From: The Boys from Lagos,
Somewhere entirely different to where they claim,

Dear Sir,

I am writting to you in respect of your recent attempt to settle the modalities concerning your quatation for Iran May Order (see attachment).

As you will know doubt see, there has been a problem with the Randam Access Tables (RAT) in the document.

please verify the integrity of the details, including full name and notional insureance number and reply immediately so that we may continue your Order and release the payment of 20 million dollars US (twenty million united states dollars) to the account of your choice with the utmost speediness.

Awaits your reply.

The Reverend Netwire,
DataScrambler,
Nigeria.

Advance fee fraud via email – we’ve all seen it many hundreds of times before and, with a few exceptions, we’ve all deleted those messages post haste.

Unfortunately, however, a few people around the world do actually fall victim to this kind of scam, sending large sums of money oversees, not knowing that they will never get it back.

Even so, in a world where people are becoming more aware and better educated towards this type of trick , the perpetrators persist, though a new report shows that the tactics may be changing a bit.

The report, from Palo Alto Networks, shows that Nigerian cybercriminals have started to employ remote access tools (RATs) in order to gain access to victims’ devices:

“The paper shows that these individuals’ tactics have evolved as they’ve begun using Remote Administration Tools (RAT) and other malware tools as part of their attacks. While these actors are not nearly as sophisticated as the top cyber crime and espionage groups in the world, we believe they represent an emerging threat to businesses.”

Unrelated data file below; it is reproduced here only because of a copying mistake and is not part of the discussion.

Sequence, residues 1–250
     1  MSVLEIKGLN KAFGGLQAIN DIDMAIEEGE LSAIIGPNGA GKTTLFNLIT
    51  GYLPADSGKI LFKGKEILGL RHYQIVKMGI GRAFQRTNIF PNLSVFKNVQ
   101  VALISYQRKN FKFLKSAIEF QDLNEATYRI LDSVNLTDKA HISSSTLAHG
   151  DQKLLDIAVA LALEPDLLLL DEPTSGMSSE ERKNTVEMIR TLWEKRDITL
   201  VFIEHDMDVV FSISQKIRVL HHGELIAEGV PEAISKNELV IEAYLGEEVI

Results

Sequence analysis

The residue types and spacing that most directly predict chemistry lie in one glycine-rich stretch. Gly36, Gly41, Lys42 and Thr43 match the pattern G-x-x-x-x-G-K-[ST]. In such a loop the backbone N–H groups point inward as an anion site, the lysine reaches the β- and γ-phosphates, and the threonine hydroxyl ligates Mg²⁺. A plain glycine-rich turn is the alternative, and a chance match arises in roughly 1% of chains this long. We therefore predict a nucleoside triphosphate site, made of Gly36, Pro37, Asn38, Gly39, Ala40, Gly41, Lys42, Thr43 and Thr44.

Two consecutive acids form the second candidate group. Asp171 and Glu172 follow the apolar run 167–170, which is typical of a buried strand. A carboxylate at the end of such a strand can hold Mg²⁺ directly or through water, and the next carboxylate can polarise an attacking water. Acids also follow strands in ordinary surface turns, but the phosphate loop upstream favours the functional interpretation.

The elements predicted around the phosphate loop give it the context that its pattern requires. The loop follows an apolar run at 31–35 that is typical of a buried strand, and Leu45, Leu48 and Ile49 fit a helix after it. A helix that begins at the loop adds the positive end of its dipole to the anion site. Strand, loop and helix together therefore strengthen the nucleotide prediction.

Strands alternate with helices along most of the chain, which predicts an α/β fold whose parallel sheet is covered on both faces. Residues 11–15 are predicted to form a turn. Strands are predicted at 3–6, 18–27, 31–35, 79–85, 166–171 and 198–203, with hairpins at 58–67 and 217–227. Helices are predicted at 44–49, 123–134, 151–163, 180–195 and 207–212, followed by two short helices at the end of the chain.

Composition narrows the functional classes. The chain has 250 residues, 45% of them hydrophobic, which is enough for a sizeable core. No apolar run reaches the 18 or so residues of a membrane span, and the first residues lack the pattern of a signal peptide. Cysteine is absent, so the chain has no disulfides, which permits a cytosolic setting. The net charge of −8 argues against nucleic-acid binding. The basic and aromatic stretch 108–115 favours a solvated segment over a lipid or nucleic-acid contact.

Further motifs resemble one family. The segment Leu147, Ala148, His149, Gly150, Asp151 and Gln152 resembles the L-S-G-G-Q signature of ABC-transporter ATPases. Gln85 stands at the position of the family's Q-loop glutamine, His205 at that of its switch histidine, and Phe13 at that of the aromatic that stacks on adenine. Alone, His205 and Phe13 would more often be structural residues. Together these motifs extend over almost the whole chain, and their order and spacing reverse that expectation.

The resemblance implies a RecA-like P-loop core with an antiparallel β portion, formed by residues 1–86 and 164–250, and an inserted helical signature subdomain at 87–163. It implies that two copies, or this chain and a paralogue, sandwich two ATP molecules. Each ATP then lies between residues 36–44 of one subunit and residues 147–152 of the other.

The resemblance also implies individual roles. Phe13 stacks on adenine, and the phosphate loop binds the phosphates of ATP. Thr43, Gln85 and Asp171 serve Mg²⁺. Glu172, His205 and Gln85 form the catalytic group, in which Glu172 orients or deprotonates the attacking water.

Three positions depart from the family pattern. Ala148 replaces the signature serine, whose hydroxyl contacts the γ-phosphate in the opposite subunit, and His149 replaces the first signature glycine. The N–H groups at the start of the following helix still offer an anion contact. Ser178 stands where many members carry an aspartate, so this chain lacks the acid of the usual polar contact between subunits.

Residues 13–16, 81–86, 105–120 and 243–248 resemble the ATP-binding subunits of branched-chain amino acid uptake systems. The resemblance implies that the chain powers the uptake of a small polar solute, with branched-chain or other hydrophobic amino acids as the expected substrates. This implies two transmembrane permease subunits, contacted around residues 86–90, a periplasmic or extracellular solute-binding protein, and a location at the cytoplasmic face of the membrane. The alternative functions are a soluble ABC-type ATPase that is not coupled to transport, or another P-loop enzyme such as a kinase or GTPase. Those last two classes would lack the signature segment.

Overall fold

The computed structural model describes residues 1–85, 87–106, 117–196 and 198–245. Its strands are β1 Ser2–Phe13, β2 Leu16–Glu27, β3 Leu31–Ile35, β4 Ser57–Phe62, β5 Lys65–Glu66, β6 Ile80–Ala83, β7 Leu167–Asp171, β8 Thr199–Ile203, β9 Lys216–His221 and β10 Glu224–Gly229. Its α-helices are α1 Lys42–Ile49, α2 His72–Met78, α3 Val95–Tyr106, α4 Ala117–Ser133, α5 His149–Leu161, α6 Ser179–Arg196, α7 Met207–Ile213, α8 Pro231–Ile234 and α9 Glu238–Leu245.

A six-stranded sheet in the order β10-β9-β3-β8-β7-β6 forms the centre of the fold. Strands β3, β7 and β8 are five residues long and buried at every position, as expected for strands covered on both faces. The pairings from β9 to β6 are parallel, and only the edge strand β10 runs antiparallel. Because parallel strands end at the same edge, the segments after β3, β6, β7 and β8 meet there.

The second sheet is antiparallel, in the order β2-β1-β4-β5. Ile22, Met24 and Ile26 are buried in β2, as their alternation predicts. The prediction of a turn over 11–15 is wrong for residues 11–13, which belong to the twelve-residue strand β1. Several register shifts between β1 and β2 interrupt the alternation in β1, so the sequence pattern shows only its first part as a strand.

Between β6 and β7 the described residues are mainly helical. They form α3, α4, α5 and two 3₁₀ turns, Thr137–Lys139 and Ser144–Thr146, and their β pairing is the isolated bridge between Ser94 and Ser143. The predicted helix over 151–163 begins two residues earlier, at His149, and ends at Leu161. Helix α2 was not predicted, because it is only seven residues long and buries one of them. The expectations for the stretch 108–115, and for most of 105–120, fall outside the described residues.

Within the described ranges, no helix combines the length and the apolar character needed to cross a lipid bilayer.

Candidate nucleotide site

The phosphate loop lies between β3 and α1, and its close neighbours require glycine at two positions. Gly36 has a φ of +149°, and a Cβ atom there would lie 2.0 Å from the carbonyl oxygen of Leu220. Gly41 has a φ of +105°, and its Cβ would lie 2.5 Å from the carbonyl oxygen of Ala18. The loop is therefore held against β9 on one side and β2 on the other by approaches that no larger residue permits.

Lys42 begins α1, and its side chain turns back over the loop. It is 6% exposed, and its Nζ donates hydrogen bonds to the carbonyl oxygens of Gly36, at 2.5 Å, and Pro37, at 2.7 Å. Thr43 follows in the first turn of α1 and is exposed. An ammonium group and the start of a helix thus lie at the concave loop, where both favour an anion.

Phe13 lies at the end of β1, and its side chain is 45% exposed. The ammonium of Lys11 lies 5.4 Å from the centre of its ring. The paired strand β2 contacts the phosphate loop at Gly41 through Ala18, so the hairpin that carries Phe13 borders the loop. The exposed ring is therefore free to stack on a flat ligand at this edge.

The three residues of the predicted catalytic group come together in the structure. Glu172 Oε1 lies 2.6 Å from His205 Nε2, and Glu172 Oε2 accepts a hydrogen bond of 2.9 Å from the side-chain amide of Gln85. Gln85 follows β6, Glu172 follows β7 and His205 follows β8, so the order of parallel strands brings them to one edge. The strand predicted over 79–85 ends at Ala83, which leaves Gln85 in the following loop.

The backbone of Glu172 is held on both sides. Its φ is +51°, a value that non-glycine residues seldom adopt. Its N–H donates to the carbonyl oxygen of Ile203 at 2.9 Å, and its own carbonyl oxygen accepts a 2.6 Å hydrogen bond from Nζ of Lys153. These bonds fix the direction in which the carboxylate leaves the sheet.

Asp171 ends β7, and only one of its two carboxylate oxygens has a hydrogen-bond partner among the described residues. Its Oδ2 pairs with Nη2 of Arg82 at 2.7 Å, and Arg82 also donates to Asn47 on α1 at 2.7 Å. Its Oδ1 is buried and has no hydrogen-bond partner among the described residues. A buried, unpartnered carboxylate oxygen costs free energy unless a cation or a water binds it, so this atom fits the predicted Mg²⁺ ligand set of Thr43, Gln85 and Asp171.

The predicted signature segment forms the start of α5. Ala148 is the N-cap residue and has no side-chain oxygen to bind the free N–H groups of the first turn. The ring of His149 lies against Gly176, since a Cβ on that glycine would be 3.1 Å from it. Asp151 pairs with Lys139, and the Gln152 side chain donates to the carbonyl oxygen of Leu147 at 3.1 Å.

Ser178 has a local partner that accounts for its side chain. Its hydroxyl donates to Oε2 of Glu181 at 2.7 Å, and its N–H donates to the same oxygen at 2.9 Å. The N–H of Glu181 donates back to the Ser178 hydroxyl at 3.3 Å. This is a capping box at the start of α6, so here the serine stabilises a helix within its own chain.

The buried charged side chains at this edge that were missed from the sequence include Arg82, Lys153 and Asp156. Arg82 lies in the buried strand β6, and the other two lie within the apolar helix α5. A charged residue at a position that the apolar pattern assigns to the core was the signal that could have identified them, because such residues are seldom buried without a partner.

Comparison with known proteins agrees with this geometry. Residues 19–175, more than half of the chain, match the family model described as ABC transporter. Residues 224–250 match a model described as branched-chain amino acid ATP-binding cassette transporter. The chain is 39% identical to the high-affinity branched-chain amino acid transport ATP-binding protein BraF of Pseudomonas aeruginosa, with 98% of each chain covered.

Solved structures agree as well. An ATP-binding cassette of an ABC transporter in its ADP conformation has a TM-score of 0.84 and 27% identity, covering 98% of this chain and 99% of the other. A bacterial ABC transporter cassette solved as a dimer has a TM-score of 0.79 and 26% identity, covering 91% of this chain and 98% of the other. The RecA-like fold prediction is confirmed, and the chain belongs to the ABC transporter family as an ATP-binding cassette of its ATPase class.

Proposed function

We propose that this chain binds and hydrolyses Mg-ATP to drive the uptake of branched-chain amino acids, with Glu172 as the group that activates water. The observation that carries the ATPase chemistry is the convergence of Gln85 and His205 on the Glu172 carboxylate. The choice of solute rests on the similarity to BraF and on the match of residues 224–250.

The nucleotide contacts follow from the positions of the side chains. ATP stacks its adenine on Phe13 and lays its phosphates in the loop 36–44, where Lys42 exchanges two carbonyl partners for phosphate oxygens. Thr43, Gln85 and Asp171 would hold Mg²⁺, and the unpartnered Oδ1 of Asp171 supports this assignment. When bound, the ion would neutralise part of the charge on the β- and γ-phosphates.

The RAT in this case – Netwire – is typically hidden in an email attachment which the sender will try to get the victim to open via a call to action in the accompanying email. A second piece of malware – DataScrambler – is also be included in order to aid avoid detection by security software.

The Santa Clara-based security firm is not sure how the attackers pick their victims but did note that the targets were all businesses operating in South Korea and Taiwan. Palo Alto Networks was able to confirm that the attacks originated from Nigeria though, as not all of the orchestrators had proven sufficiently adept at hiding their true IP addresses:

“Specific individuals within this attack group have demonstrated either an extreme lack of understanding of operational security, or simply believe they stand no chance of being caught and prosecuted. It is likely that shining light on this activity will cause these actors to change their tactics and begin tightening their security procedures.”

The company highlighted how the attackers were unable, or unwilling, to use software vulnerabilities to get their payloads onto  target computers, relying instead upon social engineering, a common threat posed to all businesses which can be countered through the adoption of a good security awareness program.

The report concludes that the motives for such an attack surround the snaffling of passwords and other data which can then be used to fuel further attacks. “Thus far,” the report says, “we have not observed any secondary payloads installed or any lateral movement between systems, but cannot rule out this activity.”